Force is nowadays synonymous of interaction and one does not seek for force laws to be used in the equation \begin{equation}\vec{F}=\frac{d\vec{p}}{dt},\end{equation} from where one would, ultimately obtain $\vec{r}(t)$.

The above equation summarizes classical mechanics (CM) in its Newtonian "version" (or formulation). Even classical mechanics can be done without explicitly writing a vector equation as this one.

It was the analytic formulation(s) of CM that people took as the framework for doing advances in mechanics. They are all equivalent when it comes to the classical scenario and one uses one or another formulation for several reasons. Nevertheless, in the analytic formulations of CM, instead of using forces, as the quantities encoding the interaction, one uses potentials and the equations of motion are no longer obtained from Newton's second law (at least not explicitly as in the equation above) but from a more powerful principle, which is Hamilton's principle.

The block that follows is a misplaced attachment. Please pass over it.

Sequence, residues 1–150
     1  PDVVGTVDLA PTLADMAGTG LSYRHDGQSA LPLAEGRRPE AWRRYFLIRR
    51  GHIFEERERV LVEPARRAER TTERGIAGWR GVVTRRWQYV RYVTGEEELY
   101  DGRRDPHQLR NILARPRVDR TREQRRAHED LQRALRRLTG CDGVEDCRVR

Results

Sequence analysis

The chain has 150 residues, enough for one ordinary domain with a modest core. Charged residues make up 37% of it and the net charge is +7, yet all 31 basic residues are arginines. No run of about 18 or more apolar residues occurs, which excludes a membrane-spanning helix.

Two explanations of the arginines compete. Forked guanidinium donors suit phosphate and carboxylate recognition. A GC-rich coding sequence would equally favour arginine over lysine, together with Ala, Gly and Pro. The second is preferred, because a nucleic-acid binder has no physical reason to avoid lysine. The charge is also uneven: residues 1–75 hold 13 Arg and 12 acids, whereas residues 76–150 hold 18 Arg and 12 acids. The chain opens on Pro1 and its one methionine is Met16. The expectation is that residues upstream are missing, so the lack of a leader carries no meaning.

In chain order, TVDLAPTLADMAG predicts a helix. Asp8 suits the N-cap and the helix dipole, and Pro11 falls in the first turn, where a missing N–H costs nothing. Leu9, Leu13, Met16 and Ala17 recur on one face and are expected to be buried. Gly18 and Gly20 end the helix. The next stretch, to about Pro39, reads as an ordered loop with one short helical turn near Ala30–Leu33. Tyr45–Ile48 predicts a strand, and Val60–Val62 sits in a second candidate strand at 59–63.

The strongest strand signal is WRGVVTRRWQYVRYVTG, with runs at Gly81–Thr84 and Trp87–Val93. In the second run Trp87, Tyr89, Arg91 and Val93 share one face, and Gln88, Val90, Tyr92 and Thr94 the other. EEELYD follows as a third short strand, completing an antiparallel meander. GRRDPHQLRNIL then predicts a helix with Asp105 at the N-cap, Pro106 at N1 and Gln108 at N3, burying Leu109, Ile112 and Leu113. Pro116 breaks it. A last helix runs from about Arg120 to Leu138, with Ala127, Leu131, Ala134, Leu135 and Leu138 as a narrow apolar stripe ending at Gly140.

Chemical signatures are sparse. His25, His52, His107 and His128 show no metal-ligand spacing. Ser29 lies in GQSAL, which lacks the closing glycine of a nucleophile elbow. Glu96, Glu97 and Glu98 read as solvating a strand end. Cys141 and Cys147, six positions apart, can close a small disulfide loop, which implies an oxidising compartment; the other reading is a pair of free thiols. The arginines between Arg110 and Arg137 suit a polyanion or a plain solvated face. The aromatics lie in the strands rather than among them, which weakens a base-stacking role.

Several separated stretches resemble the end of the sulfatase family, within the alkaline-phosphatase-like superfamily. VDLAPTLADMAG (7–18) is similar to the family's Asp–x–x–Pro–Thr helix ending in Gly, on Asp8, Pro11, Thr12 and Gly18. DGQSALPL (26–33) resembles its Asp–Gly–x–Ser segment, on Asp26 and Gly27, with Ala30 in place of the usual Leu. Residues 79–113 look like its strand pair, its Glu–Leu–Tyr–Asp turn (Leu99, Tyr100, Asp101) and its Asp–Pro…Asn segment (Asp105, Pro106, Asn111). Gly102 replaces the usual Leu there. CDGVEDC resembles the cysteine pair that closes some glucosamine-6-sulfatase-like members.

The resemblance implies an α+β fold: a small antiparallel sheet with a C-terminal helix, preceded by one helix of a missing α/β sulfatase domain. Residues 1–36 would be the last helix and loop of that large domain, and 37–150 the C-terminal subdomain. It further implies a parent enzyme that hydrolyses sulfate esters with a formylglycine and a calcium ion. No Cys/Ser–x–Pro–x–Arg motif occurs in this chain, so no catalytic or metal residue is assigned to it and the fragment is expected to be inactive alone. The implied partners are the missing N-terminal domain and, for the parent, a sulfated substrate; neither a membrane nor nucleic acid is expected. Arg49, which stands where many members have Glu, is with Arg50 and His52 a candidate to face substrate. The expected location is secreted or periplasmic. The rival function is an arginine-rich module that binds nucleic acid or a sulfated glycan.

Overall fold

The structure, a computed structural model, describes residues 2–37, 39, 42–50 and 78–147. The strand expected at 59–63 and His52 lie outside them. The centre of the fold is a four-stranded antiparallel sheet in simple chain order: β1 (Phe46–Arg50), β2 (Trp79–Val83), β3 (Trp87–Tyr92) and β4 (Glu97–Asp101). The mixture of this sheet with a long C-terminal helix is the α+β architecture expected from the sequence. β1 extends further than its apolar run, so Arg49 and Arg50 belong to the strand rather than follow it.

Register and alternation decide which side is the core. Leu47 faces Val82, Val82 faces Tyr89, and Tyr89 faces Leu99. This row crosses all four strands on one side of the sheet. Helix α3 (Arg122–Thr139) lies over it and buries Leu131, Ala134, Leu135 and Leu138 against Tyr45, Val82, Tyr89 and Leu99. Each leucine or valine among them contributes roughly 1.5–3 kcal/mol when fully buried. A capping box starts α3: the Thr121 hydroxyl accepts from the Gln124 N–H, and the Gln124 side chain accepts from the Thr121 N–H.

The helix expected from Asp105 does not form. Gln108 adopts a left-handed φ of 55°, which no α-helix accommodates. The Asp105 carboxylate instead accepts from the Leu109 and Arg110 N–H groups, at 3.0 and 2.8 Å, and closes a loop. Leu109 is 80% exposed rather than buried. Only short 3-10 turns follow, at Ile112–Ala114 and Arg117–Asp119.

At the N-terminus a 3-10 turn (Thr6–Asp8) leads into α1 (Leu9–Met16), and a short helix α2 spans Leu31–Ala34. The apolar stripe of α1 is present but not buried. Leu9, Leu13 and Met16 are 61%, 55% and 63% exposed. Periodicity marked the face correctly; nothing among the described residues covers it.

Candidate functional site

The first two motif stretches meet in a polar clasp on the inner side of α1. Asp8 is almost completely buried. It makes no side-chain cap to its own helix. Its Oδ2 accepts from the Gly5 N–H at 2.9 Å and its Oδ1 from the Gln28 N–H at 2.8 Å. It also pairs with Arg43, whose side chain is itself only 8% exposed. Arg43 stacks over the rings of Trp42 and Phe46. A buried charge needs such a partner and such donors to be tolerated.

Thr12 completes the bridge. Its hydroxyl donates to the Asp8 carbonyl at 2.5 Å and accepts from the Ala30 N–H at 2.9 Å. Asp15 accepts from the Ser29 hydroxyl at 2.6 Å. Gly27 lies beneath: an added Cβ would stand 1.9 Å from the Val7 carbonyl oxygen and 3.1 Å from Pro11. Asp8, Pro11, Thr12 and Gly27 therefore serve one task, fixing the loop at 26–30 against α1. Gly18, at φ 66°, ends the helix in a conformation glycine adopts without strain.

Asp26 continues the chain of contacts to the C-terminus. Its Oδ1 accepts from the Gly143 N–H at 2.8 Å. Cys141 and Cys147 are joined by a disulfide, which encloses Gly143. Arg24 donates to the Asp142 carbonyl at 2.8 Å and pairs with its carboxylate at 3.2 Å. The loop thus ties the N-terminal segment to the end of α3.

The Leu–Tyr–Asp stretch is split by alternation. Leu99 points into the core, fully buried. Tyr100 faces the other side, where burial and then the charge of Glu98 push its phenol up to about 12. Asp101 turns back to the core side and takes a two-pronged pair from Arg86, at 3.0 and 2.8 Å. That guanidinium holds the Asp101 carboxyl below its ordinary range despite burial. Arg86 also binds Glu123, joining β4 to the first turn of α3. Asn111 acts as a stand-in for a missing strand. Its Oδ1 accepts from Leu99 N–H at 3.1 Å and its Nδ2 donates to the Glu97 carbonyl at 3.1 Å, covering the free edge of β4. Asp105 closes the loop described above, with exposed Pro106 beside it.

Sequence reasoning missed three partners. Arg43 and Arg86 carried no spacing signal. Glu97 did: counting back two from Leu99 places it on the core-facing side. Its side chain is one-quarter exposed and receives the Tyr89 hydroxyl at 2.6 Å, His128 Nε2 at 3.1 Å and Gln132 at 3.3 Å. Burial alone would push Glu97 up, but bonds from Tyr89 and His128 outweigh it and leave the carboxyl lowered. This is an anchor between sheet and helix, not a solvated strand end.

Now, even though in CM one may use any formulation according to one's needs, when it comes to relativistic classical mechanics and (relativistic) quantum mechanics, it is no longer a matter of choice. There are several reasons for why this is so. A very simple one, is that will won't be able to find a force four-vector to plug in the relativistic equivalent of Newton's second law (as it is written above) other than the Lorentz force. Also, in quantum mechanics (QM), Newton's second law holds only as an average (or expectation value).

This is why, even though one still speaks about forces, it is not in the same sense as before and we don't have other kinds of inverse-distance laws (or any other kind of vetor force laws) for the other fundamental interactions. Even the so-called potentials are not quite the same animals as in CM.

About What laws govern the fundamental forces of nature?, have a look at here.